Ronny Sen, End of Time

JTF (just the facts): Published in 2017 by Nazar Foundation (here). Hardcover, 96 pages, with 89 color photographs. The book comes in a plastic slipcase box. In an edition of 500 copies, each signed and numbered. (Cover and spread shots below.)

Comments/Context: Ronny Sen is a young Indian photographer, who grew up in Calcutta after his family moved in there in the 1990s. He turned to photography at an early age, initially as a tool to escape his reality, but eventually as a full time profession. His first artist book, entitled Khmer Din, was released in 2013. In 2016, Sen was one of the winners of a Getty Images Instagram Grant which supports photographers documenting underrepresented communities around the world.

Sen’s project “The End” was about Jharia, a coal city in the Indian state of Jharkhand, and its residents. Jharia is one of India’s largest coal fields and it is also host to one of longest running fires in the world – the uncontrolled blaze has been burning underground for 100 years. “Jharia is a place where historically, everybody has failed, from the government to mafia to multinationals. And people need to see this reality, which almost looks like a post-apocalyptic world”, Sen said in one of his interviews.

Most of India’s coal comes from Jharia. The mining started in the late 1800s under British rule, but intensified in the early 20th century. The first recorded fire broke out in 1916, and since then, about 70 fires have sprouted up, covering more than 100 square miles. In recent decades, open-cast mining has brought the flames to the surface, with devastating consequences for the local population.

Building on the success of his project, Sen has released a photobook with the apocalyptic title End of Time. The book is rather small, and comes in a plastic slipcase. The pages are hosted between two cardboard endpieces, with an exposed spine covered with transparent glue. A tree appears embossed on the cover; the brown color strips it of life. It is reproduced from the first image in the book: a fire burning underneath a tree in darkness.

The first photographs serve as an introduction to the mine: destroyed land, heavy smoke, burning fire, mud, lifeless rocks, and grey skies serve to describe a place with few signs of life. Grey quickly becomes the dominant color of the visual narrative, creating an eerie and lifeless atmosphere throughout the book.

An image of a barefoot boy as he wraps a blanket over his body is paired with another of a mine covered in smoke. His posture and gaze make us realize that this mine must be the place he calls home. Another picture is a profile portrait of a coal picker in a yellow t-shirt with a yellowish scarf flapping around his neck; his arms are crossed as he looks down, and we notice that he has an eye injury. The image on the right is the head of dead dog, its mouth and cloudy eye wide open as if death arrived unexpectedly. Again and again, the spreads capture the desperate reality and helplessness of life in Jharia.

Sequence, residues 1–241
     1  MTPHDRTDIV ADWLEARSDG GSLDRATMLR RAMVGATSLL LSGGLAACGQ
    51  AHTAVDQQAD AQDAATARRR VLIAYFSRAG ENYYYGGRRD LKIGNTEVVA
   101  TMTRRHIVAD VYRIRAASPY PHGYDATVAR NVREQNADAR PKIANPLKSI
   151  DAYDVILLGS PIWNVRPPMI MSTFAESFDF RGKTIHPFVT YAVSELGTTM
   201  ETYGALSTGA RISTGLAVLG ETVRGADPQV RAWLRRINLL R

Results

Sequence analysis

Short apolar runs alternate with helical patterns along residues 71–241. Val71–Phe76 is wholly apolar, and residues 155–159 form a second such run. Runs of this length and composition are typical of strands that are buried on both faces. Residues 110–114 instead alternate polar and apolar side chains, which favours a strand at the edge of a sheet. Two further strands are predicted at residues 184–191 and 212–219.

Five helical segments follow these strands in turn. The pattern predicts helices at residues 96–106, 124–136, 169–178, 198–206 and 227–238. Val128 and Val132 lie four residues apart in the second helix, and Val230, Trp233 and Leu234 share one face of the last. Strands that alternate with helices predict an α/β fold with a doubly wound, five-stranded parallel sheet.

As the mining expanded, so did the fire, forcing local residents to leave their houses and move to another area. There is still a large community of people whose lives depend on the mine, and they seem to have adapted to their grim circumstances. One of the images shows a line of coal scavengers carrying baskets with coal up a hill; they work early in the morning before the mine officials arrive, and the colorful details of their outfits stand in high contrast with the grey and smoky landscape. The photographs of destroyed buildings, abandoned houses, and pieces of furniture stand as a reminder of the fragility of human existence. Sen’s photographs show the ruined area which once used to be a green forest, and document the edge of survival in the apocalyptic landscape.

While the book might have benefitted from better editing and sequencing of the photographs, it successfully accomplishes its main goal, which is to bring attention to the life in Jharia. Like Sebastião Salgado’s images of miners in India and Brazil or Pieter Hugo’s pictures of trash heap pickers in Ghana, Sen’s photographs offer a dark view of the destitute margins of human civilization. As Sen notes, “everything looked ancient and at the same time, something that the future has in store for all of us”. As a project, End of Time spans both, forcing us to look back at these hard realities, and look forward with an increased sense of alarm.

Collector’s POV: Ronny Sen does not appear to have gallery representation at this time. Collectors interested in following up should likely connect directly with the artist via her website (linked in the sidebar).

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Read more about: Ronny Sen, Nazar Foundation

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